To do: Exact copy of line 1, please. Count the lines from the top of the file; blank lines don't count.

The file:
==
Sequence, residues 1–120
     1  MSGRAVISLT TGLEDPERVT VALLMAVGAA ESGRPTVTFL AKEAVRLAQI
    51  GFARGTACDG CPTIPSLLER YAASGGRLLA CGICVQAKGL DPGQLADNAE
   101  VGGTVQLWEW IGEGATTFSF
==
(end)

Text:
Sequence, residues 1–120